7. When the insurer values your car for total loss, it typically includes a selection of dealer prices and private party prices for a similar vehicle. Your approach is wrong. You are looking at what you could sell it for. Try looking at what it costs to buy a similar vehicle. You are going to get numbers that are between Bluebook dealer and Bluebook private party. If you want State Farm to total your car, are you willing to accept $9k? I doubt it. You'll want BlueBook.
  8. The owner of a vehicle is liable for its permissive use, usually up to the minimum liability policy limits set by the state. Notify your insurer. It will defend and indemnify you up to your policy limits.
  9. Notify your insurance company. You have a contractual duty to do so, and your insurer has the right to defend and indemnity you. It will defend you and assert any defenses that are appropriate. Say good bye to these "friends".
  10. Sue the drunk driver in Small Claims court and recover your property damages. Notify the insurer of the filing of the complaint, service upon the insured and hearing date. Bring your estimate for repair and rental car to prove your case. The insurer will pay a judgment against its insured, unless the insured has failed to cooperate.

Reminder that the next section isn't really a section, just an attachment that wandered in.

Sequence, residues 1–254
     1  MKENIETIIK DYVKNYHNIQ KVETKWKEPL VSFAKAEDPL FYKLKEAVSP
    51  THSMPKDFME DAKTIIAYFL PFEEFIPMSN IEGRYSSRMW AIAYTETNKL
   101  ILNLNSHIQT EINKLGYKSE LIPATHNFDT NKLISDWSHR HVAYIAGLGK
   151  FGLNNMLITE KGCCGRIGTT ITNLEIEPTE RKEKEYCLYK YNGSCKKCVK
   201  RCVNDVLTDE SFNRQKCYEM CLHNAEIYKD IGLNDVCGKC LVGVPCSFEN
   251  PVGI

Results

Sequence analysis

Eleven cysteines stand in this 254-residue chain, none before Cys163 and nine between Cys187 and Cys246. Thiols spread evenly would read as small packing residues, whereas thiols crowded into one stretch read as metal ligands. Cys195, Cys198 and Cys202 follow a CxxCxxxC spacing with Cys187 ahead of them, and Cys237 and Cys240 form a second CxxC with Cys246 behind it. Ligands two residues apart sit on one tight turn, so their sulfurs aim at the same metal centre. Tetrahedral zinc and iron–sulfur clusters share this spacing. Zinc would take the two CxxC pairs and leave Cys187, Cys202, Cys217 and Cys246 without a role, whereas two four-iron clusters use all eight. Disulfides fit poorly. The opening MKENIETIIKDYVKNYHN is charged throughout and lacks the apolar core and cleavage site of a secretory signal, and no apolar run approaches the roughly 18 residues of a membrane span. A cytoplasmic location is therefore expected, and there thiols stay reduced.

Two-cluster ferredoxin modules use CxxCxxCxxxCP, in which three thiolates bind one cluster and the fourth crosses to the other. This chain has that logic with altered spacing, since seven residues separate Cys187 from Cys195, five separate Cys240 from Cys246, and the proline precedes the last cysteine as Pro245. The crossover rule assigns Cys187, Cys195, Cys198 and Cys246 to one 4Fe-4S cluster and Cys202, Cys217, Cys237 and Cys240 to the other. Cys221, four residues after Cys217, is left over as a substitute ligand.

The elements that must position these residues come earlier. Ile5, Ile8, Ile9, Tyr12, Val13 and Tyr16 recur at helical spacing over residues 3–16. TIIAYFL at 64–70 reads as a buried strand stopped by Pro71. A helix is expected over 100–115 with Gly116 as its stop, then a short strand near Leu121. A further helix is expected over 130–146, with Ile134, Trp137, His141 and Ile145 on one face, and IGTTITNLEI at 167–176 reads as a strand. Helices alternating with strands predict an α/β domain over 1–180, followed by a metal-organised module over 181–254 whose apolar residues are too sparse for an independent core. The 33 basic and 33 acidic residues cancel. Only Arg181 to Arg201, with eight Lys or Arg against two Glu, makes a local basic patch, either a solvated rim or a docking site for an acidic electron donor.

11. You face potential criminal charges for furnishing alcohol to a minor. It is a misdemeanor. California Business and Professions Code 25658 regulates the sale of alcohol in California. This law makes it a crime to furnish (that is, sell, provide or give) -- or causing to be sold, furnished, or given away -- any alcoholic beverage to a person under the age of 21. You face potential civil liability. California Civil Code §1714(d) states: (1) Nothing in subdivision (c) shall preclude a claim against a parent, guardian, or another adult who knowingly furnishes alcoholic beverages at his or her residence to a person whom he or she knows, or should have known, to be under 21 years of age, in which case, notwithstanding subdivision (b), the furnishing of the alcoholic beverage may be found to be the proximate cause of resulting injuries or death. (2) A claim under this subdivision may be brought by, or on behalf of, the person under 21 years of age or by a person who was harmed by the person under 21 years of age. Your liability depends on "knowingly". I hope you have insurance to defend you. You should probably be interviewing attorneys now to protect you from possible criminal charges and to review your applicable insurance policies, if any. Don't talk to anyone about this and stop posting on social media sites.